Plaintiff asserts the same statutory claims against the FMV Defendants as she does against the UTS Defendants: Violation of the District of Columbia Loan Shark Act, D.C. Code § 26-901, et seq. (Count XXIV); Violation of the District of Columbia Mortgage Lender and Broker Act, D.C. Code § 26-1101, et seq. (Count XXV); Violation of the District of Columbia Mortgage Loan Protection Act, D.C. Code § 26-1151.01, et seq. (Count XXVI); Violation of the District of Columbia Unlawful Trade Practice Act, D.C. Code § 28-3904 (Count XXVII); and Violation of the District of Columbia Consumer Credit Service Organization Act, D.C. Code § 28-4601, et seq. (Count XXVIII). In addition, in Count XXIX, Plaintiff includes a claim for Respondeat Superior, asserting that FMVILA and FMVLLC are responsible for Defendant Duncan's allegedly tortious behavior. Furthermore, in Count XXX, Plaintiff requests that the Court declare the loan documents associated with the FMV Loan void ab initio, declare that the Condo is free and clear of any mortgage or other encumbrance, and quiet title to the Condo in Plaintiff's name. In Count XXXI, Plaintiff asks the Court to enter an Order enjoining the FMV Defendants and anyone who received any legal or equitable interest in the Condo from the FMV Defendants from further encumbering the Condo or instituting any foreclosure or eviction proceedings with respect to the Condo. Finally, in Count XXXII, Plaintiff demands an accounting of all funds disbursed or received with regard to the FMV Loan.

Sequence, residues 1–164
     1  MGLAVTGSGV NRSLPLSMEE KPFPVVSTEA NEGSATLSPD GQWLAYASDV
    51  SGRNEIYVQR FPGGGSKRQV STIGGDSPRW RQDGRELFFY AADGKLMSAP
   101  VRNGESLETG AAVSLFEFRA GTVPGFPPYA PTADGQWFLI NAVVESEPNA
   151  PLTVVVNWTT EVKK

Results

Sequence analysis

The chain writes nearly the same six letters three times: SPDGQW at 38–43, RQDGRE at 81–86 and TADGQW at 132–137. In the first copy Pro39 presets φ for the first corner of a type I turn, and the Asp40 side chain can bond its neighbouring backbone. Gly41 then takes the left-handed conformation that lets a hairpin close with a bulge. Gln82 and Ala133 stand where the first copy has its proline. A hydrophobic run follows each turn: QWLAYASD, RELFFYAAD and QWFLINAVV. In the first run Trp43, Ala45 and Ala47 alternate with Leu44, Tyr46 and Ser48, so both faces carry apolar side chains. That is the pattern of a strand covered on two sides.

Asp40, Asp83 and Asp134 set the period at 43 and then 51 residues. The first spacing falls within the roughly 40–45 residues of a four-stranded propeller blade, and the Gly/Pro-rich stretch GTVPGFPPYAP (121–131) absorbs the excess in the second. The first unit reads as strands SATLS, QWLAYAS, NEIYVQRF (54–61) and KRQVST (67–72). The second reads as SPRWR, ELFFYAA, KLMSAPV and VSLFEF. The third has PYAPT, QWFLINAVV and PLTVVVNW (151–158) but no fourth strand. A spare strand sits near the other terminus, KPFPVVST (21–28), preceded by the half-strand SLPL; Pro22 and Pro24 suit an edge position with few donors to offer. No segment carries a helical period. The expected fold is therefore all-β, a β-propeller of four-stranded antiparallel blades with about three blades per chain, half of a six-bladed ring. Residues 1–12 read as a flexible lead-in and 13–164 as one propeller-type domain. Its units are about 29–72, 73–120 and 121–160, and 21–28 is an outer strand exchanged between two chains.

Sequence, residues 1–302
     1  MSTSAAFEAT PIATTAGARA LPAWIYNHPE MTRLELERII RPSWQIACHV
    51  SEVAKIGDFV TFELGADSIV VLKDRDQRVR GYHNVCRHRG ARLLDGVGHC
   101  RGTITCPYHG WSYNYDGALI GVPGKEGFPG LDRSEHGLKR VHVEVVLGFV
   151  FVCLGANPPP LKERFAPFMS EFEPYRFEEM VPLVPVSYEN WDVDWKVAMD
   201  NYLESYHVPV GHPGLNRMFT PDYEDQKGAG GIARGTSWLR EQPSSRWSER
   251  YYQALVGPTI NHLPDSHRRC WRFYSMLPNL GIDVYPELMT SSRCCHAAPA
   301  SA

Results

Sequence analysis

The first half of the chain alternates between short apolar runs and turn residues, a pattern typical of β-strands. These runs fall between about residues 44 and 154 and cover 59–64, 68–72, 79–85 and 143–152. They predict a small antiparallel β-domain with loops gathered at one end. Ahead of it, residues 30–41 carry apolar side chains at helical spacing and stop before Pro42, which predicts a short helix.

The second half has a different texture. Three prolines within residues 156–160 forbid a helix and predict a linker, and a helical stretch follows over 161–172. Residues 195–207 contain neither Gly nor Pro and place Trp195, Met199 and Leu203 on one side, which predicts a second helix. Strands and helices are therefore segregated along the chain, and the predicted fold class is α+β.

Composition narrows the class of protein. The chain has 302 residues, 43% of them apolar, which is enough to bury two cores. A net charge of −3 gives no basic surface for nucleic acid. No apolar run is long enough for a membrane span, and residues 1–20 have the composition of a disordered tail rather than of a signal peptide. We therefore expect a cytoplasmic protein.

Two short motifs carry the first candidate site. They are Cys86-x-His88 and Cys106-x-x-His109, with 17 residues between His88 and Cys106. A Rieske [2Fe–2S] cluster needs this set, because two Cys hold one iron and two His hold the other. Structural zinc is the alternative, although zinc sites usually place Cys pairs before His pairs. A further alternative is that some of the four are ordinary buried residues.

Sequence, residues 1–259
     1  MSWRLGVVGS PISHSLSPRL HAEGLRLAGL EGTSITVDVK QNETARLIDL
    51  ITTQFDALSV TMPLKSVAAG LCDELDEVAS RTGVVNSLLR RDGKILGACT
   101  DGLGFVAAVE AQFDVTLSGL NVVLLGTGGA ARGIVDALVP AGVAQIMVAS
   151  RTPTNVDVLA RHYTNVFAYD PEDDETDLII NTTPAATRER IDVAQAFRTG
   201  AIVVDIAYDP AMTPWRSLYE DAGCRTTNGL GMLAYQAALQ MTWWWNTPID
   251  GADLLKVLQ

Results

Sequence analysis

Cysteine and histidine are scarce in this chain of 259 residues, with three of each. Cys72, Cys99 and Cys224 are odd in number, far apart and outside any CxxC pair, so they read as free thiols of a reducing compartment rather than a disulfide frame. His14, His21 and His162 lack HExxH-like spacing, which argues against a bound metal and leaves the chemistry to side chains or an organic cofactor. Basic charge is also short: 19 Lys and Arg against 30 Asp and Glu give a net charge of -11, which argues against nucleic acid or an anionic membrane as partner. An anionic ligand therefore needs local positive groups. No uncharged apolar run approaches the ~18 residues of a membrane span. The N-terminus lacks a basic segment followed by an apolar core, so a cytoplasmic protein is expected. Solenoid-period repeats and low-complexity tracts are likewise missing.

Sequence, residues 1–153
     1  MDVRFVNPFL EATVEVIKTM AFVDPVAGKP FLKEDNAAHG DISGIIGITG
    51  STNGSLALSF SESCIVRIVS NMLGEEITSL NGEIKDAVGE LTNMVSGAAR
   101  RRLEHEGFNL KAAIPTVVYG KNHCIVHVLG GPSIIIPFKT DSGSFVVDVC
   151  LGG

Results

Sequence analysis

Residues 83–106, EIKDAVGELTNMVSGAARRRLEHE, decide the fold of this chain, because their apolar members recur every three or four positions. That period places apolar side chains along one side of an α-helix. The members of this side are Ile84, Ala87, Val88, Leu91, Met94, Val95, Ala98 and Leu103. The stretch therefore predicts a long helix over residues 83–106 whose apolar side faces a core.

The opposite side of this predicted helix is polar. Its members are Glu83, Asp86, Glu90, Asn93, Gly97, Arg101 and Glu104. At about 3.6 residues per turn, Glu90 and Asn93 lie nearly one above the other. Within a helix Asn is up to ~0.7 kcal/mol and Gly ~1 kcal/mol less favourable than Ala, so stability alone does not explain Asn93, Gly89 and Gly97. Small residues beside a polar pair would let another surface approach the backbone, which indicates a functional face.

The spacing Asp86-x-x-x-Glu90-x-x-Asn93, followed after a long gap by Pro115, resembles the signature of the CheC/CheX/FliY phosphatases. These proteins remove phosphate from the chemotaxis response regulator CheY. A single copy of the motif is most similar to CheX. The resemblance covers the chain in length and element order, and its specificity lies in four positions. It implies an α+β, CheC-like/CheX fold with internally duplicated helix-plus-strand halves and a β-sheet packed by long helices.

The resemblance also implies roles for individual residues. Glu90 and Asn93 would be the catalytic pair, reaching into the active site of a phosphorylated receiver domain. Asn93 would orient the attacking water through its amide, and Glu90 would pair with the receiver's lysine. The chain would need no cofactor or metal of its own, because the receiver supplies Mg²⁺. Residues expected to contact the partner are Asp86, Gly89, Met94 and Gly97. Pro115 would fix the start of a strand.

On November 7, 2006, FMVILA filed a Motion to Dismiss Plaintiff's Amended Complaint, and Defendants FMVLLC and Duncan also filed a joint Motion to Dismiss. In its motion, FMVILA argues that Plaintiff's claims are contradicted by the documents executed in connection with the FMV Loan. Specifically, FMVILA argues that Plaintiff is precluded from seeking relief under the various District of Columbia statutes pursuant to which she brings claims because the FMV Loan is a commercial, rather than residential, loan, and further argues that the loan documents demonstrate that Plaintiff's other claims fail as a matter of law. See generally FMVILA Mot. to Dismiss. In their motion, FMVLLC and Defendant Duncan incorporate by reference the FMVILA Motion to Dismiss, see FMVLLC Mot. to Dismiss at 3, and further argue that Plaintiff's claims against FMVLLC and Defendant Duncan fail as a matter of law because neither was a party to the FMV Loan transaction. See generally FMVLLC Mot. to Dismiss.